The Evolution of an Instrument: The Drum Kit

Collector’s Series Drum Kit from Drum Workshop

We’ve all seen them or heard them, whether we listen to Rock music, Jazz, Country, and increasingly Classical: the drum kit. Sometimes referred to as a drum set, or “trap” set, this is the collection of percussion instruments collected onto a rack system so that they can be played by a single individual. When you hear some child saying he wants to play drums, this is usually what they mean.

The earliest forms of the drum set date to the late nineteenth century, in particular in connection with Vaudeville and other small performance venues. These arrangements of percussion instruments were imperative to having the benefit of a full percussion section using the minimum of space. A bass drum would be set on its side on the floor where it could be played by the foot, thus giving it the name “kick drum” which is still used today. A concert snare drum (a flatter version of the field drums military bands used which had catgut or wire strands stretched across the bottom head which vibrate sympathetically to the top head being struck) would typically be placed to the left of the bass drum between the legs. Usually a floor tom (a larger, un-snared drum) would be placed to the right of the bass drum. In addition, other auxiliary percussion instruments would be mounted or placed close at hand, such as cymbals, whistles, cowbells, and anything else the music called for. The whole set up was colloquially called a “contraption”, which appears to have been the origin for calling a drum set a “trap” set. Another possible reason for the term was that early kits had a bass drum with a trap door in the shell to use it as a box for transporting smaller percussion equipment.

A major development occurred in 1909 when Ludwig & Ludwig Co. patented the first pedal system for playing the bass drum. This allowed the drum to be played more easily and clearly, and from a seated position. By the time of World War I, drum sets began making their way into jazz ensembles, particularly in Dixieland groups. The next important addition came in the 1920s with the hi-hat. This was a pedal-operated pair of small cymbals placed to the left of the snare drum. The left foot on the pedal would open and close the pair to produce different sounds when played, or the act of opening and closing them could produce a soft counterpoint to the rhythms set by the bass and snare.

By the 1930s, the drum sets began to be standardized somewhat. A standard set had the bass, snare, floor tom, and smaller and higher pitched tom, and hi-hat. In the 1940s, Louie Bellson introduced a double bass drum set, but it would be several more years before it would catch on in a major way.

Around this time, the first drumming superstar appeared on the scene, Gene Krupa. Krupa had assembled his own big band that he led from his seat at his set, and demonstrated that the drum set did not have to be confined to the rhythm section all the time. He was the first to do a drum solo on a commercial recording, and his performances are still studied and enjoyed today.

The next surge of popularity would come along in the 1960s. Although early rock drummers typically used a very sparse set, Ron Wilson of The Surfaris had a major hit with “Wipeout”, a popular surfer rock song that featured the drums heavily. Shortly after, The Beatles began performing on television with Ringo Starr set up prominently with the band around him. These events (and others) triggered a meteoric rise in popularity of rock drummers, and it seemed each new band had a drummer that was trying to outdo their predecessors. As rock progressed into the 70s and 80s, larger and more elaborate drum sets appeared, and their players are revered as highly as anyone else in the group. Among these were Keith Moon of The Who, John Bonham of Led Zeppelin, Phil Collins of Genesis, Stewart Copeland of The Police, and arguably the greatest of all time Neil Peart of Rush.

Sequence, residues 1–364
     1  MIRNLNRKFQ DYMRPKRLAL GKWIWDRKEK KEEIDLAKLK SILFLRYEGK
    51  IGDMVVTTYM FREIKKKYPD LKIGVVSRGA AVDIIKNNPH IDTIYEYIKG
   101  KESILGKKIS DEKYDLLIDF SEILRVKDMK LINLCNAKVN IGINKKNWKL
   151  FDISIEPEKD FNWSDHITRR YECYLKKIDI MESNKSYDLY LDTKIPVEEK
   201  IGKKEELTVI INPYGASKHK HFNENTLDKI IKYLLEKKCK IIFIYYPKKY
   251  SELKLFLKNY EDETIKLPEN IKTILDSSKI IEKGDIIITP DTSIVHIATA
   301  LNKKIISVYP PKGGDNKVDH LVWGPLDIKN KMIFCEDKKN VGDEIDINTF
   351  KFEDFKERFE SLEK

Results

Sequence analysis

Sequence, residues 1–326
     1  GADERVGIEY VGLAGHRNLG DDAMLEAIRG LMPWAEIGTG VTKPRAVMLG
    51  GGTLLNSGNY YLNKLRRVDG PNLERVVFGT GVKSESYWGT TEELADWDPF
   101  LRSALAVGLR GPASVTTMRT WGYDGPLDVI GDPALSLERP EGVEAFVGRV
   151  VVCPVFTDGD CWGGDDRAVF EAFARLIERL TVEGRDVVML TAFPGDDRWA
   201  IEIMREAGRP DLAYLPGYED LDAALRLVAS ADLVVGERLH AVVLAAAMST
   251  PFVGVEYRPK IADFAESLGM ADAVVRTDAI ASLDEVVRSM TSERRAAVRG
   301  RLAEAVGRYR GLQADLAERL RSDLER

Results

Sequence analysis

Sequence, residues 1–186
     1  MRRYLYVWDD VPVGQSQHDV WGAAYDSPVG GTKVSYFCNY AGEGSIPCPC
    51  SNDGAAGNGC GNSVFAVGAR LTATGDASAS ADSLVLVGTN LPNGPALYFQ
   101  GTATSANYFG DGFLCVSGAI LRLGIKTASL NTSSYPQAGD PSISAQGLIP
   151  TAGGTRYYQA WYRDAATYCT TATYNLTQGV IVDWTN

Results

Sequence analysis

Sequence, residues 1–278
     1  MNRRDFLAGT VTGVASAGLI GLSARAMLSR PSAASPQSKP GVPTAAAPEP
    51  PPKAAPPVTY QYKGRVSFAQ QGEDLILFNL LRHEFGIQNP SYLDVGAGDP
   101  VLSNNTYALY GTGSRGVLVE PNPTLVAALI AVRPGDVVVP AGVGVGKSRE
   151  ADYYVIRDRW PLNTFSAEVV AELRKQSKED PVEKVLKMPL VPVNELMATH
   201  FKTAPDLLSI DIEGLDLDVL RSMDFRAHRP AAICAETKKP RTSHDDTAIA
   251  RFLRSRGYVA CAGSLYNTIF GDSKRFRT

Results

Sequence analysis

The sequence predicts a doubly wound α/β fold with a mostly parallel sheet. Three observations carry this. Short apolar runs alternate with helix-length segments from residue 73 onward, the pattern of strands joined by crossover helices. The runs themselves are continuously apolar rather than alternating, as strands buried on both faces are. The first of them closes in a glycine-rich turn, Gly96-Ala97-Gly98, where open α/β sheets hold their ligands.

However, the seeds of the demise of the superstar drummers appeared in the 1980s as well with the appearance of the “drum machine”, a programmable electronic drum synthesizer which allowed bands to do without a drummer altogether. Although looked at by many with disdain, it nearly took over the popular music industry.

Perhaps as a reaction to this and the use of other synthesizers, rock bands began edging into a “back to basics” approach in the 1990s. For drummers, this meant paring their sets down to necessities and honing their playing skills. A contemporary drum set makes use of a single bass drum, a snare, two or three mounted toms, a floor tom, a hi-hat, and a pair of suspended cymbals. One suspended cymbal will be heavier to produce a clear, light sound for rhythmic patterns called a ride cymbal, and the other is thinner and lighter to produce a longer, brighter sound and is called a crash cymbal. Most drummers will make some variations to the overall kit to highlight their skills or better fit the band.

Although there are instruments that are thought of as more difficult to play, when it comes to coordination, there is certainly nothing more challenging than being a proficient drum set player. All four limbs (or in the case of Rick Allen of Def Leppard, three limbs) are required to work almost totally independent of each other. A drum set drummer must treat their set as a single instrument. Thinking in terms of a collection of instruments would make it all too confusing.

(Thanks to percussionist and educator Frank Oddis for input on some of the information.)